Dusting off the Laptop...


You're notes checking up on me have been so sweet.  Thanks for being here.  I feel so lucky to have connections with so many of you.  To answer many of your questions, I am doing well.  Thank you for asking and please forgive the slowness with which I answer emails.

For my first post back, I thought I'd write something fuzzy and nice.  But this isn't always that kind of blog, is it?  A few ideas and experiences have been itching in the back of my mind the last few weeks which I can't seem to spit out on paper.  So, here it goes...


Years ago I decided we needed a cat.  Mr. Scabs said "no". 

"No" was one of his favorite words.  And in our marriage, I hadn't once done something Mr. Scabs didn't agree to, until I decided to get a cat.  

Eddie-Jumper-Cat meowed from the little cardboard box which sat next to my daughter in the back seat of our car.  I handed over some green bills for the animal shelter adoption fee, bought some cat nip and we fell in love!  A week later, Verna, a crazy, feline-smelling, white-haired, cat-lady told me the desperate tale of another abandoned pregnant cat.  Her husband had said,"no" and so did Mr. Scabs, but with defiance in my heart I took the cat to the vet, got her shots, had her spayed and bought her a pink collar with the tag: Twyla-Girl-Cat.  This is how we became a 2-cat family.

Mr. Scabs, the addict, is stingy.  Scroogy and miserly.  He always bought the cheapest crap cat food.  The rock-hard, dry, sandy, tasteless kind.  The kind your cat sniffs wondering why crusty tree bark is in her dish.   

Change at our house has been slow but sweet.  Over the last year, as he has changed and as we have been experiencing the Big Thaw, I've noticed a sweetness and compassion that didn't exist before.  Mr. Scabs has begun to care for things outside himself.  Empathy.  He buys the premium cat food.

There's a rotten reality underlying all this and I want to acknowledge it; many addicts don't change.  Many of our marriages will end in divorce.  Many of our children will feel the pain of the world far to early. Terrible things can happen.  Things that have no explanation.  Things that make no sense.  Sadly, there are no guarantees in life, even if you do everything "right".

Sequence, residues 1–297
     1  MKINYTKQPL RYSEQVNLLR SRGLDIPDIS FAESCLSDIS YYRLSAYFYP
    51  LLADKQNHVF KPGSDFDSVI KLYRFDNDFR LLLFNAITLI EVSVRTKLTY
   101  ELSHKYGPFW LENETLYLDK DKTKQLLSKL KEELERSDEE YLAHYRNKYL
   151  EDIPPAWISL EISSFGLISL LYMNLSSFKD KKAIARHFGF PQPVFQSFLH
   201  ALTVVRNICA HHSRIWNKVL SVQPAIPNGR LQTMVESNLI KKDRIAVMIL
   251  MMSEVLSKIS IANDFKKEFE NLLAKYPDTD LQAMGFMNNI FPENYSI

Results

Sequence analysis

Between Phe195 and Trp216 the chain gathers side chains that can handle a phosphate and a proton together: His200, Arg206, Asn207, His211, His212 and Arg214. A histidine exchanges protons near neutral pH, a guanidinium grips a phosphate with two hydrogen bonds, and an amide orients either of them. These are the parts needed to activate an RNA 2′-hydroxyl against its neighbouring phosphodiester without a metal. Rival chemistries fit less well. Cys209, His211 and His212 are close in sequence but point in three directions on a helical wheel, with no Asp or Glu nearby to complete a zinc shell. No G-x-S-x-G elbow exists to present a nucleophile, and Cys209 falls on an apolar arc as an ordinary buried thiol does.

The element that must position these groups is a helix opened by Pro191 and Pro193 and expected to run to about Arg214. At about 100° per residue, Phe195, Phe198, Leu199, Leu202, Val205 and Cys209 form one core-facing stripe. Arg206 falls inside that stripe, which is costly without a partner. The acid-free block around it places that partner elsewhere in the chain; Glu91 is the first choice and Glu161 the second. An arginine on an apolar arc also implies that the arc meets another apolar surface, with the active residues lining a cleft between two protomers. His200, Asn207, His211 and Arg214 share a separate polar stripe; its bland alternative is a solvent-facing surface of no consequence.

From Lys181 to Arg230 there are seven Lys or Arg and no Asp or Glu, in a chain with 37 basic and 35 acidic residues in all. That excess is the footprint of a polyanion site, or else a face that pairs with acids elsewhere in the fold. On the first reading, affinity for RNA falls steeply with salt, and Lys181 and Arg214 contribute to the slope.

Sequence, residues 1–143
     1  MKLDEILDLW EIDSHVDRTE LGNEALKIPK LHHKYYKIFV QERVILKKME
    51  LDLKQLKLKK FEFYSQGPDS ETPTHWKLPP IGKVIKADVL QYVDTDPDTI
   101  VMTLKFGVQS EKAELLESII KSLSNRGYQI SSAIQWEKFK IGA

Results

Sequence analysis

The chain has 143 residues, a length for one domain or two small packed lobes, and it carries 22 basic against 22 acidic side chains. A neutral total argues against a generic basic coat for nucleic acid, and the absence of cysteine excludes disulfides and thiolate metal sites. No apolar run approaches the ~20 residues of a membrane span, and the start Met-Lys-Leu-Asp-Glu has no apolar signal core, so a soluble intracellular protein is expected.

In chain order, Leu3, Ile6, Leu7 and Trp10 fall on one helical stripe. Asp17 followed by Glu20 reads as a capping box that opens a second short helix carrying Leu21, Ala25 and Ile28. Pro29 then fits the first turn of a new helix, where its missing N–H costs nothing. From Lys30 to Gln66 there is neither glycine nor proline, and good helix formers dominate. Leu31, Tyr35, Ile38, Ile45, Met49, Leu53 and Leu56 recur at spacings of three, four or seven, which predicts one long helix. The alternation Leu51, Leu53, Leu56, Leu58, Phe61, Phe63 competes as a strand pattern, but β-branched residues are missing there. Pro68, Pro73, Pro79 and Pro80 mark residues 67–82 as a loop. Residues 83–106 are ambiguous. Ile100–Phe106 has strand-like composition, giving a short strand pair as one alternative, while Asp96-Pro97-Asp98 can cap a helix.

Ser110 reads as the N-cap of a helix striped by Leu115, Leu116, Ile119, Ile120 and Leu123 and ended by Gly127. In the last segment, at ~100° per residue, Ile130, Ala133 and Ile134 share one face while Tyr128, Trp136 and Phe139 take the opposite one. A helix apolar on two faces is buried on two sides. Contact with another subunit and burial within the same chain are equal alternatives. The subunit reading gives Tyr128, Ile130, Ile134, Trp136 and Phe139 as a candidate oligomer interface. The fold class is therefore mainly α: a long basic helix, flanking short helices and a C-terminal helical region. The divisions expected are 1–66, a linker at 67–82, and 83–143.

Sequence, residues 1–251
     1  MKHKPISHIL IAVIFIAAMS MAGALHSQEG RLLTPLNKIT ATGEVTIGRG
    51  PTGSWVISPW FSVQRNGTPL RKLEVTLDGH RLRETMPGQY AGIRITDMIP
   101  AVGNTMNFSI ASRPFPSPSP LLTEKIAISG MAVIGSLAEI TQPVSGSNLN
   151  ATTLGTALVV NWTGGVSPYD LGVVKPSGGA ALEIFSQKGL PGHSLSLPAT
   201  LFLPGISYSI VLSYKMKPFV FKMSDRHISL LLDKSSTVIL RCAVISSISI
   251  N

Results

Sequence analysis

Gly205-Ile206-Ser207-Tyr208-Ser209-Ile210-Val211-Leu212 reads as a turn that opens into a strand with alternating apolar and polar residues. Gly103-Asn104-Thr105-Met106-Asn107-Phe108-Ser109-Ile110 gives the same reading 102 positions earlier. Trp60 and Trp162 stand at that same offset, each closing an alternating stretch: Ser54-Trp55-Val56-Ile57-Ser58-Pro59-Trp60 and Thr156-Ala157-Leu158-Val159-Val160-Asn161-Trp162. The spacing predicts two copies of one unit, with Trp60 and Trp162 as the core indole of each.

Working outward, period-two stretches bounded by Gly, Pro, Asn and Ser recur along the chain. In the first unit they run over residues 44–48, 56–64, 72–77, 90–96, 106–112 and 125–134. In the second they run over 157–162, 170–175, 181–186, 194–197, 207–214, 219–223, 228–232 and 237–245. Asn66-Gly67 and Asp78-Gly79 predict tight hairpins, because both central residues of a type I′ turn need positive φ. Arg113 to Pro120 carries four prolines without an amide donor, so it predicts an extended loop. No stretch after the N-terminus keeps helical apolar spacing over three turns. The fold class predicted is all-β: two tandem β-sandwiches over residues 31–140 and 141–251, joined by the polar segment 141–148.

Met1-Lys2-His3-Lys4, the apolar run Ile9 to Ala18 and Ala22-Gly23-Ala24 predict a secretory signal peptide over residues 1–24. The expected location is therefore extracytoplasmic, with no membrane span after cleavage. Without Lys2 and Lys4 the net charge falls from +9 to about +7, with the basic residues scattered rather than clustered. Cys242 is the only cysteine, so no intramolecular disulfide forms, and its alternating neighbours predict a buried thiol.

Lots of cats don't get the premium cat food.

My BFF was recently pregnant, then suddenly miscarried.  That is a loss all it's own.  I've already told you of my friend James who felt so hopeless that he took his own life.  Today, I looked into the puffy eyes of another friend who is grappling with the fuzzy unknown of her husbands infidelity.  I ache for another friend dissolusioned by her husbands endless cycle of addiction.  I watch another friend hardening with denial, whispering to herself. "everything's fine.  everything's fine."  I stand by the side of another friend deeply damaged by sexual abuse as a child, the abandonment of her first husband, the terrible death of her twins and the rape and domestic violence of her second husband.  She is navigating life again as a single mother.  And on the darker side, just the other day an old man, a grandfather,  a retired police sargent a community leader was arrested as part of a Federal investigation into a child pornography ring. Our community is reeling.  

I guess what I am trying to say here is that life can be so hard.  A lot of times it's hard because of the choices of others, the repercussions of another's actions.  Abuses of sexuality in our lives is terribly difficult for me to tolerate.  What we accept now with grimaced faces is what our daughters and our sons will come to know as normal.  Boundaries are paramount.

In my circle of BFF's we have been asking ourselves, "How do we protect our children from all this?"  And, this is when I think, from no fault of our own, sometimes we don't get the premium cat food.

Is this incredibly depressing?  Sorry :)